Corporate: Generally Accepted Accounting Principles and General Reserve

Topic: FinanceAccounting
Sample donated:
Last updated: March 18, 2019

What is the difference between direct and indirect NCI? Under AASB127, the group is required to prepare the consolidation statement when parent entity acquires shares in the subsidiary. There are two parties who own shares in the subsidiary if it’s not a wholly-owned subsidiary consolidation. One is the parent entity while the other is non-controlling interest.

Non-controlling interest (NCI) is defined as “the portion of the profit or loss and net assets of a subsidiary attributable to equity interest that are not owned, directly or indirectly through subsidiaries, by the parent” (Leo, et, al. 009, p. 895). The NCI can be classified as either direct (DNCI) or indirect (INCI). Differences between them arise when there are multiple subsidiaries in the group. DNCI refers to “an NCI that holds shares directly in a subsidiary” (Leo, et,al. 2009, p.

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895). INCI refers to “an NCI that has an interest in a subsidiary as a result of having an interest in the parent of that subsidiary” which means the ownership in the subsidiary is indirectly via the parent of the subsidiary (Leo, et, al. 2009, p. 895).A subsidiary in which the NCI group owns direct ownership becomes the parent entity of another subsidiary; the same party will have an indirect NCI in that subsidiary. Importantly, indirect NCI exists only where, there is a DNCI in the immediate parent of that entity (Leo, et, al. 2009, p.

879). More specifically, when the subsidiary partially owned by the parent becomes parent of any other subsidiary; the non-controlling interest that is outside of the group is indirectly entitled to the proportion of shares in that subsidiary because non-controlling interest is treated as the equity participant under AASB 127.Word count: 252 Question 2: Explain the difference in the calculation of the direct and indirect NCI. The calculation of non-controlling interest is based on the sequence of business acquisition because it impacts on the way we calculate the consideration transferred and the pre-acquisition equity at the acquisition date.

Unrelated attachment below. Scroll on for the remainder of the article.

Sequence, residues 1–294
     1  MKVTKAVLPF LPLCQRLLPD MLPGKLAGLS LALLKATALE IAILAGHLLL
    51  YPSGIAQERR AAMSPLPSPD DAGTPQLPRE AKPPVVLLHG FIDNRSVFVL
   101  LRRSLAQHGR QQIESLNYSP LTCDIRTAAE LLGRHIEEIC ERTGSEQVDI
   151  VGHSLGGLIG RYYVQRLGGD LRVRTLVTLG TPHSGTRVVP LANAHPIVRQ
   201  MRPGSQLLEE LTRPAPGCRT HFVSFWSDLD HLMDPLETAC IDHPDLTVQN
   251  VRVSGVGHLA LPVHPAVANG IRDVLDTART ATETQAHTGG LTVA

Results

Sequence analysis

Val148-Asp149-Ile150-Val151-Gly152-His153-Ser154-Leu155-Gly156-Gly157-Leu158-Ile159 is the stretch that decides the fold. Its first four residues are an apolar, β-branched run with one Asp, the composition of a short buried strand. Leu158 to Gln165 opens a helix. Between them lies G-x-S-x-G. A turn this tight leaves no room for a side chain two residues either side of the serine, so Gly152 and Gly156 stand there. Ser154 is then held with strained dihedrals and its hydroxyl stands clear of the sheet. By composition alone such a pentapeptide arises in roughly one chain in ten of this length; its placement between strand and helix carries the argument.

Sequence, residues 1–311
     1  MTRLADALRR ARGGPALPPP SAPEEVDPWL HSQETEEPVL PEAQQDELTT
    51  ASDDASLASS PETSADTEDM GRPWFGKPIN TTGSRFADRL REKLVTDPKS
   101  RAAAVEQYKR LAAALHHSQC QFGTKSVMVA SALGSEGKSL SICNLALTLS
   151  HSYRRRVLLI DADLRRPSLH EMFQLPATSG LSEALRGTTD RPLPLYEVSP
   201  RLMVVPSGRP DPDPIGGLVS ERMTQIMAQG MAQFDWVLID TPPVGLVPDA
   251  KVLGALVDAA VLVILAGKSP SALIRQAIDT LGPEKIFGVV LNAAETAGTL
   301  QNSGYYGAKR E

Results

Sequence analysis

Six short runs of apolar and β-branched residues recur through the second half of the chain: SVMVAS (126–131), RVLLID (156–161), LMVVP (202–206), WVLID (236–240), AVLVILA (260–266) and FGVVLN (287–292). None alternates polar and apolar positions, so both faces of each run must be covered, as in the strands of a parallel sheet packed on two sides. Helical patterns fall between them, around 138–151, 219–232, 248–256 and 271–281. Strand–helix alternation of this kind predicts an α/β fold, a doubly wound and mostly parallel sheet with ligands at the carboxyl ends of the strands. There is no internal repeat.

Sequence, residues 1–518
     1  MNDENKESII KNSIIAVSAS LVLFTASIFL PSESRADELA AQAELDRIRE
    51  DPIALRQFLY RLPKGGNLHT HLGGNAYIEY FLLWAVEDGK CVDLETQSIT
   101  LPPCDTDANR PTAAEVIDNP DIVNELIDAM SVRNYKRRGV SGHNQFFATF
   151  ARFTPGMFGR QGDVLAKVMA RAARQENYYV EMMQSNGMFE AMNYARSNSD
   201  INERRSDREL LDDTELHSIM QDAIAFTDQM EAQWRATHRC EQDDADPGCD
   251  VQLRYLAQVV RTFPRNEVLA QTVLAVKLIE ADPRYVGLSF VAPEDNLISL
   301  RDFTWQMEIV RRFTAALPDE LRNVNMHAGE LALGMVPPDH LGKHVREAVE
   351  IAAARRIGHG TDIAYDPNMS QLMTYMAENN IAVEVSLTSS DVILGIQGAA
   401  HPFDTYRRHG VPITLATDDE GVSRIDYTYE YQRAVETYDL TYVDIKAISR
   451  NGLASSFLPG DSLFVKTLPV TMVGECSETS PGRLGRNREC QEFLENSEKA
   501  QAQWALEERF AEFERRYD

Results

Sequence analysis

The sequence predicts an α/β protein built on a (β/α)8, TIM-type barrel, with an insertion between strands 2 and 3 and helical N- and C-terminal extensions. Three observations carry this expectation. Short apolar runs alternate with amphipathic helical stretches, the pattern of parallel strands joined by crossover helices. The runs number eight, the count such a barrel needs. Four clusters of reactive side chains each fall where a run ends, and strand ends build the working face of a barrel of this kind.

DNCI receives a proportionate share of all equity recorded by the subsidiary while INCI receives a proportionate share of subsidiary’s post-acquisition equity only (Leo, et, al. 2009, p. 878).For example, given B Ltd the subsidiary of its immediate parent A Ltd, the proportionate share of B Ltd is eliminated in the pre-acquisition entry for A Ltd and the DNCI in B Ltd is given the rest of direct share. All the pre-acquisition equity of B Ltd is effectively allocated and none left for the INCI. In relation to Dividend, we need to calculate the “current year profit which is after any elimination of unrealised profits from intergroup transactions, and opening balance of retained earnings adjusted by a share of dividends paid and declared, and transfers to and from reserve in order to work out the DNCI ‘s share” (Leo, et, al. 009, p.

884). On the other hand, INCI is allocated “a share of the current periods post-acquisition profits, opening balance of post-acquisition retained earnings, and transfer to and from post-acquisition reserves” (Leo, et, al. 2009, p. 884). For intra-group transaction where dividends are paid or payable in the group, NCI share of equity should be adjusted to eliminate double accounting. Word count: 216 Question3: Why does the indirect NCI receive a share of only post-acquisition equity? The main reason for the indirect NCI (INCI) limited to a share of post-acquisition equity only is to avoid double counting.

An INCI arises only when a partly owned subsidiary holds shares in another subsidiary. As long as there is an INCI in an entity, there must be a DNCI in the immediate parent of that entity and they are the same party of shareholders. The DNCI is entitled to a share of the net assets of the parent and one of the assets of the parent is the investment share in the subsidiary, which reflects the pre-acquisition equity and assets of the subsidiary (Leo, et, al.

2009, p. 879). Therefore, the DNCI share of equity reflects both the ownership interests in parent and the pre-acquisition equity of the subsidiary.To avoid double counting issue arising from continuing giving INCI a share of equity relating to the pre-acquisition assets of the subsidiary, the INCI is only given a share of the post-acquisition equity of the subsidiary. No double counting issue need to be considered again for post-acquisition equity since the investment shares in the subsidiary is recorded at cost, meaning any subsequent changes to the equity of its subsidiary after acquisition date will not be reflected in the shares in the parent.